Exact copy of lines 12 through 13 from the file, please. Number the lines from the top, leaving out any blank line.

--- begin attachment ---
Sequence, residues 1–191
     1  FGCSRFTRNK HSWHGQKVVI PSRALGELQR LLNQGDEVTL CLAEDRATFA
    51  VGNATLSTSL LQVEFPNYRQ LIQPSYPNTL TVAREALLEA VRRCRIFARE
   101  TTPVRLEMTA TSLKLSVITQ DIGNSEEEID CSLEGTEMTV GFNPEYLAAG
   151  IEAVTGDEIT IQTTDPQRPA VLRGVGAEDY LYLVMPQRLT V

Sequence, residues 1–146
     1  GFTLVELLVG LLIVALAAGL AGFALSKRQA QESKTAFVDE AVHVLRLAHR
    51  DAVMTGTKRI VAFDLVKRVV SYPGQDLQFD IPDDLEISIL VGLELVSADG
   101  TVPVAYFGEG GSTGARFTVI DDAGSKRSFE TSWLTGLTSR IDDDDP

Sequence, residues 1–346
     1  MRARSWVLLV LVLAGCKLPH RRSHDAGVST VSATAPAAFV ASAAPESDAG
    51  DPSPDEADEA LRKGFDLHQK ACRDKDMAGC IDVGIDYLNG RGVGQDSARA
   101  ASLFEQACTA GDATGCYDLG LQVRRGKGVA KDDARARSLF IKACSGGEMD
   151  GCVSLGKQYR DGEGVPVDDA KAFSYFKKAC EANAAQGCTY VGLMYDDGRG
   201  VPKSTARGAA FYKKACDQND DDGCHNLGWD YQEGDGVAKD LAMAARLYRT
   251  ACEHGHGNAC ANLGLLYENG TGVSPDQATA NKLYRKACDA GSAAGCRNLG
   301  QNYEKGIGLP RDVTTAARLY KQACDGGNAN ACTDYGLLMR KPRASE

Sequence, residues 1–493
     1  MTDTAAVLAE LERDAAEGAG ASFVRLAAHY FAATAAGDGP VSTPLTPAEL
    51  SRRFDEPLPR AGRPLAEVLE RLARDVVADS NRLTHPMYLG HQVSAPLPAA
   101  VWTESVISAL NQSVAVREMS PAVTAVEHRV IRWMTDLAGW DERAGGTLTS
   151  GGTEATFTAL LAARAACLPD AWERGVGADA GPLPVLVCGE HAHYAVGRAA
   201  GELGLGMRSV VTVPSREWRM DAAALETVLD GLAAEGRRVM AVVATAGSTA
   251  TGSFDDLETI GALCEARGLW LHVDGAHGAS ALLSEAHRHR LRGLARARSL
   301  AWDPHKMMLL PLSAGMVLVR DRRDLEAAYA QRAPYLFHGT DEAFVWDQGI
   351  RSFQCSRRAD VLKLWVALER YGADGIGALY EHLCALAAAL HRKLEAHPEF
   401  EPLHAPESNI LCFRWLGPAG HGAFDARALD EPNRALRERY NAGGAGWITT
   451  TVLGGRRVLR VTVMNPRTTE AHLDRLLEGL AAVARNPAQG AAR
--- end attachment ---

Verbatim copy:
    51  DPSPDEADEA LRKGFDLHQK ACRDKDMAGC IDVGIDYLNG RGVGQDSARA
   101  ASLFEQACTA GDATGCYDLG LQVRRGKGVA KDDARARSLF IKACSGGEMD